Here’s a bit more from the Huffington Post: “Giving or receiving a lei in Hawaiian culture carries special meaning. Although the lei has become a popular souvenir to purchase, the true value of the lei is the process that leads up to the finished product. When gifting a lei, one starts with choosing the flowers to be used and then personally strings each blossom with thoughtful purpose for the recipient.” (Interesting. That’s how I pick pictures for my collage cards.)

Photo: Nate Yuen
This splendid lei was made by Brian Choy in 2007.


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Happy May Day, Everyone.

Not to take anything away from other things that get celebrated on May 1, but it’s in the ancient rituals of girls dancing ribbons around poles and secretly leaving¬† baskets of flowers on doorsteps that the deep magic lies.


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Photo: Bryn Mawr College

Happy May Day, the old-fashioned kind that involves surprise flowers and dancing around the May Pole.

This year’s came in like a lion, with icy rain, and is going out like a lamb. Spring can’t be stopped now.

Here are a few photos of the season.















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Today’s mild weather reminds me that May Day and Mother’s Day aren’t far off. Mother’s Day is a highlight of the year at Luna & Stella, Suzanne’s lovely birthstone jewelry company, for which Suzanne’s Mom blogs.

I hope you know about May Day, too. I’d like to see it revived, the ancient custom of leaving flowers at people’s doors in honor of spring. (I don’t begrudge the workers of the world their version of May Day, but they shouldn’t hog the whole thing.)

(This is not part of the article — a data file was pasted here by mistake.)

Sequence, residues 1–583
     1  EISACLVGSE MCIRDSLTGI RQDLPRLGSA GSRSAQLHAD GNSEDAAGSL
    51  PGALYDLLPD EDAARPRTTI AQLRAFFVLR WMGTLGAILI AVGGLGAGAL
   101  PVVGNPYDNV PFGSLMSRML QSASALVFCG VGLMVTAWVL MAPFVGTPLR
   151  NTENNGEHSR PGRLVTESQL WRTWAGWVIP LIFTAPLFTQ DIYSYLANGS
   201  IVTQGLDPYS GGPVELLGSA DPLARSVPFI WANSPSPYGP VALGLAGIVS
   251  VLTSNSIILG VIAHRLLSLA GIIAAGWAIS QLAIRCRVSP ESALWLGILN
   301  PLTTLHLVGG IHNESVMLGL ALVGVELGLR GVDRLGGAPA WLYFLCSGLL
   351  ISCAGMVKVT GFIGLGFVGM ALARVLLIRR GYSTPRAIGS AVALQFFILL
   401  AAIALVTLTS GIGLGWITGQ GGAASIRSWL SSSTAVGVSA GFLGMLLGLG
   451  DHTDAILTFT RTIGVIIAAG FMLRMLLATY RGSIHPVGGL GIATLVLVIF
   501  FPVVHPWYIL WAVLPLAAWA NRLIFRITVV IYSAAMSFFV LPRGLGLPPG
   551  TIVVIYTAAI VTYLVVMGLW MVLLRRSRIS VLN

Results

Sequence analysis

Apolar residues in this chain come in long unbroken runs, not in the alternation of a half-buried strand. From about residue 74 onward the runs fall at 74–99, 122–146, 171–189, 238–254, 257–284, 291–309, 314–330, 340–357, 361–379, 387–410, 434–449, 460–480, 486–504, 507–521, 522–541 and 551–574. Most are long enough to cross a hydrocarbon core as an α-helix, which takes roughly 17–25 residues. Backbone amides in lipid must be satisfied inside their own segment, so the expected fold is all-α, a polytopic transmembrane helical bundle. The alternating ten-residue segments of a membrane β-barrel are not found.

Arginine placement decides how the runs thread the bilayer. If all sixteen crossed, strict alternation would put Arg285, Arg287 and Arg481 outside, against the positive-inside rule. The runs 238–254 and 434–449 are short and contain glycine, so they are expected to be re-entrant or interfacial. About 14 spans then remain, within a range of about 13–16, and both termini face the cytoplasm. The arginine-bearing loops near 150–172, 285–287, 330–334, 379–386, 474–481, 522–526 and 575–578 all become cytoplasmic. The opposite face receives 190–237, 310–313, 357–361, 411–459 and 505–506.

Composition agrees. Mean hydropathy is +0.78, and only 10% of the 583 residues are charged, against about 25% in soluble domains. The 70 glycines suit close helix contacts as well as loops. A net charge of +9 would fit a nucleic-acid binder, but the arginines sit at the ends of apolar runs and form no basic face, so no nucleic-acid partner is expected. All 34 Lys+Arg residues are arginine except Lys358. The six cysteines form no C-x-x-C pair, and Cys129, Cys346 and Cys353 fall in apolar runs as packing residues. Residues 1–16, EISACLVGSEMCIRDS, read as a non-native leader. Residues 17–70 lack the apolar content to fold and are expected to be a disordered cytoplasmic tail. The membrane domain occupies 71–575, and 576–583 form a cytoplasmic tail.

Why don’t Girl Scout troops do May Day? Why don’t florists? It mystifies me.

I still remember a May basket I made as a kid from a punch-out book. I thought it was a thing of beauty and kept asking my mother to get me another book like that. But they stopped making them.

Now I work from scratch if I have time. Last year I blogged about one kind of a homemade basket, here.

It’s always a surprise to see what flowers are available on May 1 any given year. Since these are in my yard now, I suspect there will be different ones by¬† May.

small rhodadendron

blue scylla



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Does anyone do May baskets any more? It’s such a lovely custom, and it’s always surprising to me that florists don’t promote it. How difficult could it be to partner with a Girl Scout troop or something?

On the first of May, you fill home-made paper baskets with spring flowers, place them at the door of, say, a neighbor, an elderly person, or a teacher and run. As kids, we used to knock and go hide in the bushes to see the look of surprise on the neighbor’s face. With fewer neighbors at home during the day now, the surprise is for the person who gets home from work first.

When Suzanne and John were small, they did May Baskets every year. I remember one neighbor (who had figured out where the basket came from) telling me, “Oh, I’m going to be so sad when your children grow up!” Of course, part of the drill is to pretend you have no idea what your neighbor is talking about.

There is a really simple way to make baskets from pages of discontinued wallpaper books. I’ll tell you if you ask. Here is another way.

(P.S. The birthstone rings are from Luna & Stella.)

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First it was 80 degrees, then it was 20.

Some flowering trees seemed to be OK with that. Others, not so much.

I was pretty confused myself. If all the spring flowers were going to bloom in March, what would be left for a May basket? I do like May baskets.